Target: Mr. Kofi Poku, Director of Ghana’s Health Administration
Goal: Monitor and set mental health standards at hospitals in Ghana.
Due to a severe lack of understanding about the condition, the Ghanan government fails to provide adequate treatment for the mentally ill. The few hospitals in Ghana do very little to treat their patients, whose practices are unethical and cruel. Instead patients suffer at the hands of physical and verbal abuse, and some are given electroshock therapy without consent. With only three hospitals equipped with a psychiatric ward, and four expensive private hospitals, they have quickly become overcrowded. Prayer camps have sprung up in West Africa, meant to heal those that weren’t cured in hospitals.
Those who attend the camp are chained to walls, buildings, or trees with a chain that measures only 2 meters in length. Many patients are shackled together for months and sometimes years at a time. They are forced to live, sleep, eat, shower, and defecate in the same confined space. Some are even denied access to water and stay in cells instead of rooms. Many Africans who live in rural areas believe that mental illness is caused by evil spirits inhabiting the body. This belief has led to a discriminatory view towards the mentally ill, believing that they are subhuman and don’t deserve to live with the rest of society.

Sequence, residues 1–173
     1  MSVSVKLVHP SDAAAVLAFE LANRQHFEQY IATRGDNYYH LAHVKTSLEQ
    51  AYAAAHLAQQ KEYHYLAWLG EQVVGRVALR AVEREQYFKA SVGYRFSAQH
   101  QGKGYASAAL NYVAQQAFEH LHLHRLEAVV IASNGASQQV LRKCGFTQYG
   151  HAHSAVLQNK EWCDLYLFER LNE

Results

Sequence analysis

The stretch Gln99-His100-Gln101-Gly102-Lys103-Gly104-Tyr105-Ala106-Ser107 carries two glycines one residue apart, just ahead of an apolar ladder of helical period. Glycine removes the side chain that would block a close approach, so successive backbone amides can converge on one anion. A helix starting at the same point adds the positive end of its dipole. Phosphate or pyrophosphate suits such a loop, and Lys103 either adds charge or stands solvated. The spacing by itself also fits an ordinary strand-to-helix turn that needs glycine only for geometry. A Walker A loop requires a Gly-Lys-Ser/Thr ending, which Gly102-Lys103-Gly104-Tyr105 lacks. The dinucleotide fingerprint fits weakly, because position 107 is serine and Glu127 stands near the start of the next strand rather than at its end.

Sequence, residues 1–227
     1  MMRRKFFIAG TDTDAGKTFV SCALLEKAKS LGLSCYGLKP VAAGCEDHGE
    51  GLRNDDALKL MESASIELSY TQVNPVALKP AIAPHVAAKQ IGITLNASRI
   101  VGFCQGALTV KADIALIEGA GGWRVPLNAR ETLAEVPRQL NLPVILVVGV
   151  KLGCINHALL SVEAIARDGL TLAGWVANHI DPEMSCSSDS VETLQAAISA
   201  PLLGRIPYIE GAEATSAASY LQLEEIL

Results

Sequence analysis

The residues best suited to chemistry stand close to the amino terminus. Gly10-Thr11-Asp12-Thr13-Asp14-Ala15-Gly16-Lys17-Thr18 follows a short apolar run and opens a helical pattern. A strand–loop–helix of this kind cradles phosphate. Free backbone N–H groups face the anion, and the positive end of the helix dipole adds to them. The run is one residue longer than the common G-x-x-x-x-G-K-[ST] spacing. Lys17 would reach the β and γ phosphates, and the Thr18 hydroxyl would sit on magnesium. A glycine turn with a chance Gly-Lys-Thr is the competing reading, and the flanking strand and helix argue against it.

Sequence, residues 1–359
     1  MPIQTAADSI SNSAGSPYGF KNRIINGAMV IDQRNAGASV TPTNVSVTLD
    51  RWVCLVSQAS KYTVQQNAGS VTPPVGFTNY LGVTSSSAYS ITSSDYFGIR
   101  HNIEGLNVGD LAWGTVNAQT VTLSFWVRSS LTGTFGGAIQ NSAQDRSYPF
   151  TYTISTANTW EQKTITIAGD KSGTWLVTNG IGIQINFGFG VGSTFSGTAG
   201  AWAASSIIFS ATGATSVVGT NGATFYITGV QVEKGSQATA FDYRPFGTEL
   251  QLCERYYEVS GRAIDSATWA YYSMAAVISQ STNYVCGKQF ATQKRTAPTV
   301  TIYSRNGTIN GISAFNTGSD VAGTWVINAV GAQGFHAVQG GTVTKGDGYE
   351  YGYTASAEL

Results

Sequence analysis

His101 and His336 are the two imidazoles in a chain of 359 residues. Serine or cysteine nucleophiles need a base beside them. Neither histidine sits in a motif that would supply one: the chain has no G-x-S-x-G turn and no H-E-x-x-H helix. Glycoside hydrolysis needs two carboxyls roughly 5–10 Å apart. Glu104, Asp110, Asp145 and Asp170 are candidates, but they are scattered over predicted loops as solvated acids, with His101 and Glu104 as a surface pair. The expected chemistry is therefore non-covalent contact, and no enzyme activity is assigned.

The Ghanan government needs to add more hospitals that are equipped to treat mental illness. They need staff who understand the conditions of each of their patients and have ethical practices. Prayer camps must be monitored with standards set by the government, as these organizations are not government funded and run by citizens who are not trained medical professionals.
Suffering from a mental illness does not make a person any less human. Remind the Ghanan government to treat their patients with compassion and dignity, as this is their right.
Dear Mr. Kofi Poku,
In recent years, news has surfaced about the conditions of Ghana’s hospitals. They are described as overcrowded and not equipped to treat the mentally ill. Many of the staff are verbally and physically abusive to their patients, which is not conducive to their well being. The prayer camps that have spawned over West Africa are not staffed with trained medical professionals, and the patients are treated cruelly. The mentally ill are chained to trees, walls and buildings for months – sometimes years – where they live and defecate in the same confined space. With thousands of people suffering from mental illness in Ghana, changes must be made to ensure they can get adequate treatment.
I implore you to monitor the prayer camps and set standards regulated by the government. The staff must be trained professionals who understand their patients’ condition. The patients must never again have to endure months of being shackled as this practice is more akin to incarceration than treatment. I also ask that you build more hospitals to alleviate the overcrowding, and ensure that these hospitals have staff who are knowledgeable and compassionate towards their patients.
In closing, I hope that these changes will make the Ghanan people understand that mental illness is not rooted in superstition or evil spirits. It is a medical condition that shouldn’t demean a human being.
[Your Name Here]